In Alabama alone, there have been 210 confirmed fatalities; 1,724 injuries and six persons reported missing.
A loss of power was reported at the Browns Ferry Nuclear Power Plant. Power is currently being supplied by emergency backup generator.
At least 388,000 electricity customers - 16 percent of Alabama - were still without power as of Thursday afternoon. Crews are out clearing roads of fallen trees, power poles and other debris, and more than 300 Alabama State Troopers are assisting with search and rescue.
Visiting the hard-hit communities of Alberta and Tuscaloosa this morning with Alabama Governor Robert Bentley and Tuscaloosa Mayor Walter Maddox, President Obama expressed "deepest condolences to not just the city of Tuscaloosa but the state of Alabama and all the other states that have been affected by this unbelievable storm."
President Barack Obama, center, with Alabama Governor Robert Bentley, next left, and local officials and residents view tornado damage. (Photo by Pete Souza courtesy The White House)
"We just took a tour, and I've got to say I've never seen devastation like this," the President said. "It is heartbreaking. We were just talking to some residents here who were lucky enough to escape alive, but have lost everything. They mentioned that their neighbors had lost two of their grandchildren in the process."
After touring the hard-hit Alberta neighborhood where many houses were completely crumpled or had doors blown off, President Obama and an accompanying group of state and local officials went to the Holt Elementary School outside the city limits.
At the school, Alabama Senator Jeff Sessions said that the Alberta area and the neighborhood near the school suffered "the most violent winds and the most damage," including fatalities.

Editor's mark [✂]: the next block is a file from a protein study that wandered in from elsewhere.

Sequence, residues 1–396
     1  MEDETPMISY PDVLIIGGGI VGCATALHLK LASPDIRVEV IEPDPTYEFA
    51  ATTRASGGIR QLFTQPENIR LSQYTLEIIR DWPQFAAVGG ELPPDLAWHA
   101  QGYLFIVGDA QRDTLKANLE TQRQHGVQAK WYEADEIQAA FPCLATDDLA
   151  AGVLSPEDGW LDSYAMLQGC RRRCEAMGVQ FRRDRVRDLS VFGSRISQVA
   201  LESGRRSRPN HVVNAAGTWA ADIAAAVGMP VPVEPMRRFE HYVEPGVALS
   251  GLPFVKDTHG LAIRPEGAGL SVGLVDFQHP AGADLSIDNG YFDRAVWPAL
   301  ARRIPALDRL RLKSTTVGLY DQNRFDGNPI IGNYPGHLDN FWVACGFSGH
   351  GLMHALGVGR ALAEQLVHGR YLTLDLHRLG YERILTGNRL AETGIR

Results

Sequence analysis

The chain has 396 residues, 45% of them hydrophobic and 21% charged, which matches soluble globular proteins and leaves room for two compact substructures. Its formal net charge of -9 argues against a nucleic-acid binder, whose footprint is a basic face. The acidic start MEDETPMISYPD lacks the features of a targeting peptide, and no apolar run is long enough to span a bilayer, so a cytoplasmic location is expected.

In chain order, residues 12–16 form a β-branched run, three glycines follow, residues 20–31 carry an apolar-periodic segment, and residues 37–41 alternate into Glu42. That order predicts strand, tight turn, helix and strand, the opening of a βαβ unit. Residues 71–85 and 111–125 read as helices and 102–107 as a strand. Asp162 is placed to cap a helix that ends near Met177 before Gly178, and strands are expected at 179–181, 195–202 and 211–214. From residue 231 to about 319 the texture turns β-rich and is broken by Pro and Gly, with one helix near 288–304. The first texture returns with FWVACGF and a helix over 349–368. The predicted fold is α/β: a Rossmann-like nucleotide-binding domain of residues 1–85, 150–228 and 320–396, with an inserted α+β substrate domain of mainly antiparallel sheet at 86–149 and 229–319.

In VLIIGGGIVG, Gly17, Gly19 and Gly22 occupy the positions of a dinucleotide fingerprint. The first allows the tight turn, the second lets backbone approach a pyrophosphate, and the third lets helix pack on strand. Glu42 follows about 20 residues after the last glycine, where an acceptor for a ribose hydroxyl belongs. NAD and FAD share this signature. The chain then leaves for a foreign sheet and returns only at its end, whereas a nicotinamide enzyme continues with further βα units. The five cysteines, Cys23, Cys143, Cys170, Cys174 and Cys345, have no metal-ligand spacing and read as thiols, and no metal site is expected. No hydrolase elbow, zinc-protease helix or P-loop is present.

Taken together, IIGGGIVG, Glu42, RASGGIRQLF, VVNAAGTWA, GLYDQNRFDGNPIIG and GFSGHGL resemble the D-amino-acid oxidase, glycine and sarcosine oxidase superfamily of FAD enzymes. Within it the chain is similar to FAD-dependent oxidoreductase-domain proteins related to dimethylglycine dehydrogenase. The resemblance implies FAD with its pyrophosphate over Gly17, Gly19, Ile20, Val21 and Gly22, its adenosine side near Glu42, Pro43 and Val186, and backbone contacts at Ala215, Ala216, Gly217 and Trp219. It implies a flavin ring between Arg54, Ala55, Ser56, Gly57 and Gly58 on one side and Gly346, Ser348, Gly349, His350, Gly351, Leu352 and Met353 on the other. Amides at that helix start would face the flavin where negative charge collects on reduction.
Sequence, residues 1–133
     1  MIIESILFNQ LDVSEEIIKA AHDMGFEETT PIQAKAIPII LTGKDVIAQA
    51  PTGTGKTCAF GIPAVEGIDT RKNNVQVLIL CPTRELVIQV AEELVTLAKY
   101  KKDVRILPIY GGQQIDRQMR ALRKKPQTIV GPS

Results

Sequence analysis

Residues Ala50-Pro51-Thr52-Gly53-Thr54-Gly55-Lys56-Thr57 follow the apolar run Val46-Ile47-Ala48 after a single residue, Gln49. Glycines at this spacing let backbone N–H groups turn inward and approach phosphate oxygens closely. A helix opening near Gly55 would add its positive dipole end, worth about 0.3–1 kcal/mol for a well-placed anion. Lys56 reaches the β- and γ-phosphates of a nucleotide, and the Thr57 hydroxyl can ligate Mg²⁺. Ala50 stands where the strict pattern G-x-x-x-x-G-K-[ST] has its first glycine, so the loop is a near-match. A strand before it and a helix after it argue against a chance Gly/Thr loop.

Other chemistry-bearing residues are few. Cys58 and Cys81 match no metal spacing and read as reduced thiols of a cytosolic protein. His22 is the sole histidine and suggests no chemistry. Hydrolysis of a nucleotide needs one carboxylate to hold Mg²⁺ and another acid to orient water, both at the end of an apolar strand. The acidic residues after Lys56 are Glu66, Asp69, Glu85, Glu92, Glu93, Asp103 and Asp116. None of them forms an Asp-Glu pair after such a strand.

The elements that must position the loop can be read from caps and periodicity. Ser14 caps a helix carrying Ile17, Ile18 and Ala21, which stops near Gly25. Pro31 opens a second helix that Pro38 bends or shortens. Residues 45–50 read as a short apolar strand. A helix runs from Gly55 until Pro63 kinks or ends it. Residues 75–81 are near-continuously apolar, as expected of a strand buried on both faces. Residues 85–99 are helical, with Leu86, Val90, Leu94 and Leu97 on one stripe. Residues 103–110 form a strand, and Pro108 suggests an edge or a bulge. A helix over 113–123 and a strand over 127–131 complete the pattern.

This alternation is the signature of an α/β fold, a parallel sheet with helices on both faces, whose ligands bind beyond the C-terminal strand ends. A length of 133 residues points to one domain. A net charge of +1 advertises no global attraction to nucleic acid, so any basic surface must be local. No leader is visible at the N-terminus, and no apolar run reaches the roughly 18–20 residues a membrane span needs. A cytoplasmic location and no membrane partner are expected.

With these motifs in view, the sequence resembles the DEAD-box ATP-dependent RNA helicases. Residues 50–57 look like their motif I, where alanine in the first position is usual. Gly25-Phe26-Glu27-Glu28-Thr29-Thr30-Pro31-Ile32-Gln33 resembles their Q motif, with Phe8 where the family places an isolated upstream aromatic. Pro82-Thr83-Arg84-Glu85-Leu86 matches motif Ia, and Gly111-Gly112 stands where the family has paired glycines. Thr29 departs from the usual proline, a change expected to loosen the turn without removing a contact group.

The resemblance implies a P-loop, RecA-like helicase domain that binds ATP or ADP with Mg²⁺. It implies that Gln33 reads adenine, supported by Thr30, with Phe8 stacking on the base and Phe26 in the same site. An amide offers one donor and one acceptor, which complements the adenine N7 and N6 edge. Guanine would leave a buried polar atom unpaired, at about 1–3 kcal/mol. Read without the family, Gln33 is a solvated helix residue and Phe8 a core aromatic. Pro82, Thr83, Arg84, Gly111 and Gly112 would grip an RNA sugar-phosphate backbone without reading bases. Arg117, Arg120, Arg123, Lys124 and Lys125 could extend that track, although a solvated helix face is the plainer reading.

The school was severely damaged and is now being used as a distribution center for aid supplies. The fire, police and emergency management assets of the city have been damaged by the tornadoes, making it even more difficult for communities to cope.
President Barack Obama and First Lady Michelle Obama comfort people at Holt Elementary School, Alabama. (Photo by Pete Souza courtesy The White House)
As the First Lady hugged survivors, President Obama greeted several residents. "In addition to keeping all the families who've been affected in our thoughts and prayers, obviously our biggest priority now is to help this community recover," said the President.
"Fortunately the governor has done an extraordinary job with his team in making sure that the resources of the state are mobilized and have been brought in here," said Obama, who also praised the efforts of Federal Emergency Management Agency Director Craig Fugate.
"We've already provided the disaster designations that are required to make sure that the maximum federal help comes here as quickly as possible," Obama said.
"Craig is working with the teams on the ground to make sure that we are seamlessly coordinating between the state, local and federal governments," he said. "And I want to just make a commitment to the communities here that we are going to do everything we can to help these communities rebuild."
We can't bring those who have been lost back. They're alongside God at this point," said the President. "We can help maybe a little bit with the families dealing with the grief of having a loved one lost. But the property damage, which is obviously extensive, that's something that we can do something about."
"What you're struck by is people's resilience and the way that the community has come together. And obviously that's testimony to the leadership of the governor and the mayor, but it's also inherent as part of the American spirit," Obama said. "We go through hard times, but no matter how hard we may be tested, we maintain our faith and we look to each other to make sure that we're supporting each other and helping each other. I'm sure that that spirit is going to continue until this city is all the way back."
Copyright Environment News Service (ENS) 2011. All rights reserved.